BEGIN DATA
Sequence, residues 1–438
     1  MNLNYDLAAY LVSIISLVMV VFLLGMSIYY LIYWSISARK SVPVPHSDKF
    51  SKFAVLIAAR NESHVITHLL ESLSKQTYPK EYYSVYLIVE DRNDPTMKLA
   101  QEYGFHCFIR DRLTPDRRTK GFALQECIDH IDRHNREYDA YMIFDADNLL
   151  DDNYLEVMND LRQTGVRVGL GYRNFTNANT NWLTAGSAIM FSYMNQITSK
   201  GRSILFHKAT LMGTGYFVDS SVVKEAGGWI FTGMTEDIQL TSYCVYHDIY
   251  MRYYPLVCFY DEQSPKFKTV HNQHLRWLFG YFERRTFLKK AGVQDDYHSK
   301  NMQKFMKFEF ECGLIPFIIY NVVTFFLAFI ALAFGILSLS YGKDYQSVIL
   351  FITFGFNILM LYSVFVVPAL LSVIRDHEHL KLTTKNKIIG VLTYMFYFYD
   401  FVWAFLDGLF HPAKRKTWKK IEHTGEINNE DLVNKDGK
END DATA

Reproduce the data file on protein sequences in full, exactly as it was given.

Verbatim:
Sequence, residues 1–438
     1  MNLNYDLAAY LVSIISLVMV VFLLGMSIYY LIYWSISARK SVPVPHSDKF
    51  SKFAVLIAAR NESHVITHLL ESLSKQTYPK EYYSVYLIVE DRNDPTMKLA
   101  QEYGFHCFIR DRLTPDRRTK GFALQECIDH IDRHNREYDA YMIFDADNLL
   151  DDNYLEVMND LRQTGVRVGL GYRNFTNANT NWLTAGSAIM FSYMNQITSK
   201  GRSILFHKAT LMGTGYFVDS SVVKEAGGWI FTGMTEDIQL TSYCVYHDIY
   251  MRYYPLVCFY DEQSPKFKTV HNQHLRWLFG YFERRTFLKK AGVQDDYHSK
   301  NMQKFMKFEF ECGLIPFIIY NVVTFFLAFI ALAFGILSLS YGKDYQSVIL
   351  FITFGFNILM LYSVFVVPAL LSVIRDHEHL KLTTKNKIIG VLTYMFYFYD
   401  FVWAFLDGLF HPAKRKTWKK IEHTGEINNE DLVNKDGK